SLI (automotive):

- Classical


- Modified


- Low-Maintenance


The useful capacity of the battery, CU (20 hours nominal capacity, as defined above, multiplied by the maximum depth of discharge) should allow for a three to five-day period of autonomy.

The cycle life of the battery (i.e., before its residual life drops below 80% of the nominal capacity) at 25°C must exceed NOC cycles when discharged down to a depth of discharge of 50%.

A NOC value is given for each type of battery in the table below:

Battery Type




SLI (automotive)

- Classical


- Modified


- Low Maintenance


Comment: As the discussion of the "Universal Standard" above already shows, selecting the “right” battery type for PV systems is a difficult task, considering all of the different aspects of cost, lifetime, local availability, maintenance, recycling, etc. Another fact is, that no international standards for type-testing of batteries for PV applications are available as yet.

The IEC standards 60896 Part 1 and 2 “Stationary lead-acid batteries - General requirements and methods of test. Part 1: Vented types, Part 2: Valve-regulated types” give the general test methods for stationary batteries, but also include the comment that special test procedures for PV applications will be worked out by IEC group TC 21/TC 82. As confirmed by IEC, Geneva, a new standard on solar batteries is still being written and will have the number IEC 61147.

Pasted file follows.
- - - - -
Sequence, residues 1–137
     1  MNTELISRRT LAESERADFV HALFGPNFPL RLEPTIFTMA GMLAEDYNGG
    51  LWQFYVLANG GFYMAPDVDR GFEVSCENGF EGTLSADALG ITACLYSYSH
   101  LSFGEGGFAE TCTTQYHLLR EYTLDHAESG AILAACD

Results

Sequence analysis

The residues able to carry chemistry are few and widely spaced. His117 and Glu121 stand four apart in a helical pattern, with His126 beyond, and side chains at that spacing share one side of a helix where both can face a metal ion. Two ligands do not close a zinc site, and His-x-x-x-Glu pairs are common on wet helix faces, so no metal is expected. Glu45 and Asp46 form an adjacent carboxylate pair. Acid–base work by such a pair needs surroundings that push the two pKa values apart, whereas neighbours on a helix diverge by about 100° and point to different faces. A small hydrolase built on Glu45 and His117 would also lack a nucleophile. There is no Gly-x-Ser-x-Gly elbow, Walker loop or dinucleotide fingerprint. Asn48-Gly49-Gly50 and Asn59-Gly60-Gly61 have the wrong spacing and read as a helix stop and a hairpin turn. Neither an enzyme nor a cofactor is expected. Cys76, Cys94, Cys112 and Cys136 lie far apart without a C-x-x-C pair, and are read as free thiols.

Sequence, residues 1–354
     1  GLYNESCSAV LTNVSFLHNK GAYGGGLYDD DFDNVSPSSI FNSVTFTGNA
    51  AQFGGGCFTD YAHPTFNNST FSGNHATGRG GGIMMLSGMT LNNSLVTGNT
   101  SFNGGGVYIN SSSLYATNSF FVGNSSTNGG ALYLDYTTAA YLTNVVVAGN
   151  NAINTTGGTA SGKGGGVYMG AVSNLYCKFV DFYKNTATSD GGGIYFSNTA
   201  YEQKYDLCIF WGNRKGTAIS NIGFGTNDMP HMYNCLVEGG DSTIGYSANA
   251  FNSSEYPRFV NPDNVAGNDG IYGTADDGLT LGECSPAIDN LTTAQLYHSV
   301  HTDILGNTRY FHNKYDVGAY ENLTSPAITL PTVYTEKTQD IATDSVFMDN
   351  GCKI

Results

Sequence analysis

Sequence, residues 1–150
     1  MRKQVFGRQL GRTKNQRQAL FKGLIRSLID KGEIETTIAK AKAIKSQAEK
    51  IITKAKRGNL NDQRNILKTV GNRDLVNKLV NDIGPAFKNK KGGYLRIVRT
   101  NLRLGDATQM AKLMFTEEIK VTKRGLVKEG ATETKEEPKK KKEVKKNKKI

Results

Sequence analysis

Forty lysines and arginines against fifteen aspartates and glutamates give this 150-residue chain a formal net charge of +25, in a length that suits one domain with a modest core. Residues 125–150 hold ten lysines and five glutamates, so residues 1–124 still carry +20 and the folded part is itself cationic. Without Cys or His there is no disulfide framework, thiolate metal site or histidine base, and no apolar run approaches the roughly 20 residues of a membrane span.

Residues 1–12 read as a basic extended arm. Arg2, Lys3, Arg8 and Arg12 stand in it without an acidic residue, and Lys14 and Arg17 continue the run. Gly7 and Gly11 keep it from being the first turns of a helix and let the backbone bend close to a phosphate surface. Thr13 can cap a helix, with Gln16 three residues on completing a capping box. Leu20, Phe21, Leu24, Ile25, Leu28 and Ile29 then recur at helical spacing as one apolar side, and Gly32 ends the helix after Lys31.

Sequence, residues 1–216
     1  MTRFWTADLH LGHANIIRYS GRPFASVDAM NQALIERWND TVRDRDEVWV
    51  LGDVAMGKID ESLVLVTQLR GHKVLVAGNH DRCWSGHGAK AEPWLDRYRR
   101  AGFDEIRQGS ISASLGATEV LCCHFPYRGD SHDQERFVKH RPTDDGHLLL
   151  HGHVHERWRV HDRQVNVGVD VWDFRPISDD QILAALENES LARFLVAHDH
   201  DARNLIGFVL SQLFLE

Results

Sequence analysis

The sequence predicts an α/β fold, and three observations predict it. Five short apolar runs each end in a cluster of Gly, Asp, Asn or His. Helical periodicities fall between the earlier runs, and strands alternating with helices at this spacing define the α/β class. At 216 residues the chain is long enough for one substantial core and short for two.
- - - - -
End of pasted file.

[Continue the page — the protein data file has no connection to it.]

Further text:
Up to now, the only standard available on solar batteries is the French standard NF C58- 510 “Lead-acid secondary batteries for storing photovoltaically generated electrical energy”, which will be used temporarily by PV GAP and the IEC SHS standardisation group. Therefore, the type-test procedures described in this standard will be the basis of the following battery specifications:

In addition to the above-mentioned standardisation activities of IEC, the CENELEC committee BTTF 86-2 has also drafted a standard proposal entitled "Accumulators for Use in Photovoltaic Systems, Safety-Test Requirements and Procedures", which was kindly made available by TÜV-Rheinland. As this proposal is not yet complete (no cycle tests, etc.) and all tests described here are also included in the French NF C58-510 standard, this standard-proposal is not considered in the following specifications.

The rechargeable battery shall consist of one 12 VDC vented type lead-acid “solar” battery.

Optional: The rechargeable battery shall consist of one 12 VDC valve-regulated type maintenance-free lead-acid battery.

Health: The rechargeable battery shall consist of a 12 VDC (24 VDC) vented-type “heavyduty” tubular lead-acid battery.

Type-tested and Certified Batteries